Alongside records, diaries have also recently become a hot commodity. More and more young women choose to carry around a little diary, even though it’s so easy to manage your schedule on smartphone or computer these days. And what do they use that diary for? A quick perusal of posts on social media reveals the answer. While they use digital devices for organizing their work schedule, they use their diary to record their resolutions for the year, things they like, their personal schedule, things that made them happy or sad, and all kinds of other daily happenings. Digital may be adequate for purely functional schedule-management purposes, but when it comes to keeping track of special personal occasions or jotting down their feelings, they turn instead to a handwritten diary. Clearly, then, analog is starting to assume a new value in this era when digital reigns supreme.
Another analog activity showing signs of becoming popular is letter writing. It doesn’t serve, of course, as a form of communication for essential, everyday utilitarian purposes like arranging a drink with friends or contacting people on the job; rather, it’s a means of telling others what’s been happening in your life and sharing exactly how you feel. Online services that introduce people to pen pals appear to be seeing a surge in membership. And recently a pen pal project has been launched for junior and senior high school students unable to go to school due to COVID-19. University students write them back assuaging their fears and concerns.
Finally, photo printing services are popular among parents who wish to keep a pictorial record of their children’s growth, even though they can shoot all the photos they want on smartphone and store them online. However much digitization progresses, people want to own the photos they truly treasure in physical form, so they can hold them and feel them, rather than just look at them in digital format. Again, emotional, analog value is what they seek.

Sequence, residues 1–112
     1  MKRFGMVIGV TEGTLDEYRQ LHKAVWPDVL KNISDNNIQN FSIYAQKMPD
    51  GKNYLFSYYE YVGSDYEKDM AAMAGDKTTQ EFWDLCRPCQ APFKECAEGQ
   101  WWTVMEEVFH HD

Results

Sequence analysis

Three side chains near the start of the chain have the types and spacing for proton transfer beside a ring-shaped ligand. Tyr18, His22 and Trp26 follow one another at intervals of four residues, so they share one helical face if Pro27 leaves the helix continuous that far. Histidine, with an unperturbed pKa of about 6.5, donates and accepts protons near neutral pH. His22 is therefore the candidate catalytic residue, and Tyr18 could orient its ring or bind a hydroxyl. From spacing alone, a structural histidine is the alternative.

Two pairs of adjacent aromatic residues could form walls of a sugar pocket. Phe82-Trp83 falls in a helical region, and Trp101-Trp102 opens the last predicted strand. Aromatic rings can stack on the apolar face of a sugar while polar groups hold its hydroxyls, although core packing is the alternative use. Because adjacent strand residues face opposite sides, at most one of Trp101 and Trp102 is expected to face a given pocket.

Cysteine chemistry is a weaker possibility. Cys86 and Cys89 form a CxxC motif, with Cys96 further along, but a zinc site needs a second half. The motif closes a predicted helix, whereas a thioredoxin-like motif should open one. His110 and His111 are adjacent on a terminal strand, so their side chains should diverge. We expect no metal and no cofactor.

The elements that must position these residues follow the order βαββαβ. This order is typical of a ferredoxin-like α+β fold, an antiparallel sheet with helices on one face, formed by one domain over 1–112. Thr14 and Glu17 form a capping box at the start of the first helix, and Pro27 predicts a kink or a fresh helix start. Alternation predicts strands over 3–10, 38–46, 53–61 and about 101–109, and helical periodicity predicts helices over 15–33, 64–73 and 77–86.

So far we’ve looked at various examples of this quest for emotional, analog value. But what’s the reason that it’s manifested itself now? One of the main reasons, in my view, is a backlash against digitization. Whereas digital has steadily met the need for functionality and convenience, it’s evidently not, at least now, up to the task of addressing people’s personal, emotional needs. What I find particularly interesting is this. It’s not that old folks, with fond memories of analog technology from the past, are reverting to it out of nostalgia. Young people brought up with digital technology likewise seek to possess analog objects of emotional value.
In one of my courses at university, I remember being taught that people have constantly oscillated between two extremes in the quest for a nonexistent golden mean. Such a pushback, it seems, is manifesting itself right now.
Finally, let’s briefly consider what business opportunities this pursuit of emotional, analog value might bring.
Examples of business opportunities capitalizing on emotional, analog value
■ An automobile retrofit service that electrifies antique cars to make them eco-friendly while preserving their emotional, analog value in their form of aura and smell
■ A pen-pal service offered by an online cram school to respond to students’ psychological concerns about their studies
■ A service that mails you a photo album of your latest trip, offered by a travel agent
And so on.
Lately, what with being stuck at home, I often spend the whole day staring at the computer only a few paces away from my bed. I’m therefore thinking of buying something that has an emotional appeal like an artwork or a plant so that I can get away from all the digital stuff!